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African Unity: AU’s pan-African passport strikes the right note

At a time when Britain’s exit from the European Union, or Brexit, has forced the international community to reassess globalisation and transnational cooperation, it’s heartening to note that Africa is actually taking decisive steps towards greater integration among its 54 countries.


At the African Union (AU) summit in July in Kigali, Rwanda, the first copies of a pan-African passport were unveiled. For now the AU will issue the new biometric or electronic passport only to African heads of state, foreign ministers and diplomats accredited by the AU headquarters in Addis Ababa, Ethiopia. It will bear the AU’s name and that of the issuing country.

The idea is that African governments will roll out the pan-African passports for their citizens by 2018. While challenges remain – many African countries currently don’t have the infrastructure to manage or issue biometric passports – the move, nonetheless, is a significant one that provides a fillip to the idea of pan-Africanism.

And greater integration between African countries engendering free moment of goods and people on a common passport will certainly provide a huge boost to the continent’s economy. For despite shared colonial experiences forming a strong bond among African countries, the latter still face significant hurdles in the process of integration. This is exemplified by the fact that at present only 13 out of 54 countries offer visa-free or visa-on-arrival access to Africans.

Facilitating a liberalised cross-continent travel system would help create one consolidated African market to the benefit of all. African countries need to pool together their resources if they are to get out of their donor-dependency status. It’s noteworthy that intra-Africa trade costs around 50% higher than intra-regional trade in East Asia. Imagine the economic benefits if barriers to easy movement of goods and people are dismantled within Africa. For example, Rwanda has seen significant rises in GDP and tourism revenues after instituting a visa-on-arrival policy.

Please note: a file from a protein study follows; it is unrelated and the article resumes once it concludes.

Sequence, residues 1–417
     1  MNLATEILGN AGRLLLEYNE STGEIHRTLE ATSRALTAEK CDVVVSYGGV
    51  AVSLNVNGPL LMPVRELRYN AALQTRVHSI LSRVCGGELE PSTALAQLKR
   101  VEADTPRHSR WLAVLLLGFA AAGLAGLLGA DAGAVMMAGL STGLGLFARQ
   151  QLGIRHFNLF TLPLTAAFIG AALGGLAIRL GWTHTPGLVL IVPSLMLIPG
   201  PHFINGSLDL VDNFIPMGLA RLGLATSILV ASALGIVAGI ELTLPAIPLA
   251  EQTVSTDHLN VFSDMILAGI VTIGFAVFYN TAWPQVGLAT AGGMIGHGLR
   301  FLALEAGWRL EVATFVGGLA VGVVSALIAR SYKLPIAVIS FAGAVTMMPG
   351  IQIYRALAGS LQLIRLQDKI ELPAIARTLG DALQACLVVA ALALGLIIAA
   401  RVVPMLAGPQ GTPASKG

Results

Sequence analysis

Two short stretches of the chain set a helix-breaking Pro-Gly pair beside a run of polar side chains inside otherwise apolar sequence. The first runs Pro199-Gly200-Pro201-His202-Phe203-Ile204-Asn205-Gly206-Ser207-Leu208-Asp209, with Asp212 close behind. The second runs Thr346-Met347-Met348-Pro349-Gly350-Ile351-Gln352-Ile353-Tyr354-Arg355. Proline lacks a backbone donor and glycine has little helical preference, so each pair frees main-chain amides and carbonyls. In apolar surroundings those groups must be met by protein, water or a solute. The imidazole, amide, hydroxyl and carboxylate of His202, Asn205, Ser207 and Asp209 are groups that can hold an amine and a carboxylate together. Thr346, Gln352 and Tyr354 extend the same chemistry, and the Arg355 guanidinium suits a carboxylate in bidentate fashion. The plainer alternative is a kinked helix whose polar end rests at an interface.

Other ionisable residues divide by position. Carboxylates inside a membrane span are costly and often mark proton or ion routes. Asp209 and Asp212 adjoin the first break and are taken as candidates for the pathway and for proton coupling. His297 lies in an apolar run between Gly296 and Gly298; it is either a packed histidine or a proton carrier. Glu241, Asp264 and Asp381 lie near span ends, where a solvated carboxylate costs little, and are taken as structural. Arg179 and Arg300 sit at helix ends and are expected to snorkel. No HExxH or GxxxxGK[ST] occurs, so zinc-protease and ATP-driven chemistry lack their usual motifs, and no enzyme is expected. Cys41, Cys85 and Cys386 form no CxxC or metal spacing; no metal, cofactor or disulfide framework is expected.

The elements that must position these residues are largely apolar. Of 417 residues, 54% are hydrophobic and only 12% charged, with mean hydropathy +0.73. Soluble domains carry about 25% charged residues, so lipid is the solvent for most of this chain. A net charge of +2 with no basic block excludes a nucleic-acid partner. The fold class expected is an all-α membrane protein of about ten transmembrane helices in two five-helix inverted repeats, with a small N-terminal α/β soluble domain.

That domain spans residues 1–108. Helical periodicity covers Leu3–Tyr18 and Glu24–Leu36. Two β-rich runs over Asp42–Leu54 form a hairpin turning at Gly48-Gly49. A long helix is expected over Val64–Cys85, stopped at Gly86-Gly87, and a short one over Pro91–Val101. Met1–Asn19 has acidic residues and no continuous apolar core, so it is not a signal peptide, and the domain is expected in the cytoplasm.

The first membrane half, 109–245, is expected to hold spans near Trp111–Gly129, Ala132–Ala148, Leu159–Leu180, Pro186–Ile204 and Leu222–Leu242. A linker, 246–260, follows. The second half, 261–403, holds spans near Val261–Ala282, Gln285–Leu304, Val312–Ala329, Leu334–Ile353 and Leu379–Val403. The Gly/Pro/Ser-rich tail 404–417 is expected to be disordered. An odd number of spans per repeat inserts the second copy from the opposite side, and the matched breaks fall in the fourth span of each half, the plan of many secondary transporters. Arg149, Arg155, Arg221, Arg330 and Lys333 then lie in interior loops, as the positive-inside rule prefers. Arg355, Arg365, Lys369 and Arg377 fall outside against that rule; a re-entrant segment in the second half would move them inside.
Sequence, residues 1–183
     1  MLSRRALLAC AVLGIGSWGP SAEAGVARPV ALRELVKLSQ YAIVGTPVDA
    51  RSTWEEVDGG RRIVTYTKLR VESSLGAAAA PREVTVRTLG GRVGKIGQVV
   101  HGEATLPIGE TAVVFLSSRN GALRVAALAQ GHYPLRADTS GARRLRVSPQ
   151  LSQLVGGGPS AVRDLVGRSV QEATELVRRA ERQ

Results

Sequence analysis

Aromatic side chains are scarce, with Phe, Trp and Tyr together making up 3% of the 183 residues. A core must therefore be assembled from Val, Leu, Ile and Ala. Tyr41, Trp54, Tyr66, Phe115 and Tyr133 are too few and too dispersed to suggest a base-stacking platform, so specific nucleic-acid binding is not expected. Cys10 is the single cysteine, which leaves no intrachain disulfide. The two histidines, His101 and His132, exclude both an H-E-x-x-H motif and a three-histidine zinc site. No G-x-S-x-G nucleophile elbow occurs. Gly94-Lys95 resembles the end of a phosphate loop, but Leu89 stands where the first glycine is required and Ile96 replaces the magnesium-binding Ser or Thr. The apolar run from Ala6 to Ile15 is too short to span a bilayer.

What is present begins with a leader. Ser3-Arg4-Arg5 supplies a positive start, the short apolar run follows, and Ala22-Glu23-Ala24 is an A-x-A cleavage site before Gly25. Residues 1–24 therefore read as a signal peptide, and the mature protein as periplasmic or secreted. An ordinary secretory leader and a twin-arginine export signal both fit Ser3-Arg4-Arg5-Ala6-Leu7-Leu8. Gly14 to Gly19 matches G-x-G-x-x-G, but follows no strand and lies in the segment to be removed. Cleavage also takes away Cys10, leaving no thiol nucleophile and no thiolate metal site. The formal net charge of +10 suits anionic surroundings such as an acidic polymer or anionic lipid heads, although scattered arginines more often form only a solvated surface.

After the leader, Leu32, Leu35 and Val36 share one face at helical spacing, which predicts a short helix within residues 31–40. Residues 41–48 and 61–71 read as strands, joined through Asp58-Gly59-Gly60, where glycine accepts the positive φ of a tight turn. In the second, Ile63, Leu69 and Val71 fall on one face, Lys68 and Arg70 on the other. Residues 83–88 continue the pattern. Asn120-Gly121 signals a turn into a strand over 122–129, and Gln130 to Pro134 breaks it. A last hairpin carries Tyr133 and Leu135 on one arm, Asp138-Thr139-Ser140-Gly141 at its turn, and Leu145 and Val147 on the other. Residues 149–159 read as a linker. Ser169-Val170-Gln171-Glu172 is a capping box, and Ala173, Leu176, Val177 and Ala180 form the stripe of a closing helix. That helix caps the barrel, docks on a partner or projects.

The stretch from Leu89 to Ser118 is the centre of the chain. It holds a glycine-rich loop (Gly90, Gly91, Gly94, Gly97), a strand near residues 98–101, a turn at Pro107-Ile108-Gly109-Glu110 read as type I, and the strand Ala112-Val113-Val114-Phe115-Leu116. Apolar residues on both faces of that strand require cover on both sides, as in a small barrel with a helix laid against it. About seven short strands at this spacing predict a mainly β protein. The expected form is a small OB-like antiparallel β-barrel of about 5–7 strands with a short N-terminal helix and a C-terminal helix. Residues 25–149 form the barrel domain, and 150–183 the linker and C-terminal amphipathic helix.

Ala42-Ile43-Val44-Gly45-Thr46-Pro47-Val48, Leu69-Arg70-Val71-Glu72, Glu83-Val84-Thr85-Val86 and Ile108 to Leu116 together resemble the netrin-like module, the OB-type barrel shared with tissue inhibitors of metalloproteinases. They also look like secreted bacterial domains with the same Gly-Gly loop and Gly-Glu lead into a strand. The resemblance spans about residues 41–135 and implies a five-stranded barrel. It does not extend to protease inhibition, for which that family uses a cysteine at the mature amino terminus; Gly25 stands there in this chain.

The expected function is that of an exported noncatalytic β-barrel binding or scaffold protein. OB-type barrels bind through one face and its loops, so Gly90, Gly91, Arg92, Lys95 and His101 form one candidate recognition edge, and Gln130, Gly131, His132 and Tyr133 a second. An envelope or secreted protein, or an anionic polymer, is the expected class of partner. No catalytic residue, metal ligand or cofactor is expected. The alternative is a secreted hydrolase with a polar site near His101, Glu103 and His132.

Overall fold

There’s no denying the fact that Africa will be the source of the next big growth push for the global economy. The continent has one of the fastest growing middle classes, abundant natural resources and a relatively young population. Yet, it faces significant challenges in terms of poverty, corruption and backwardness. In fact, these drawbacks have been consistently exploited by extremist groups on the continent to further their radical agenda. And given the rise of transnational Islamist terrorism, the threat from extremism is far greater today for Africa.

Against this backdrop, it’s imperative that Africa fights poverty on a war footing relying on its own strength. And for this it needs to push forward continental integration. In that sense, the AU pan-African passport is a step in the right direction.

Jimirasire

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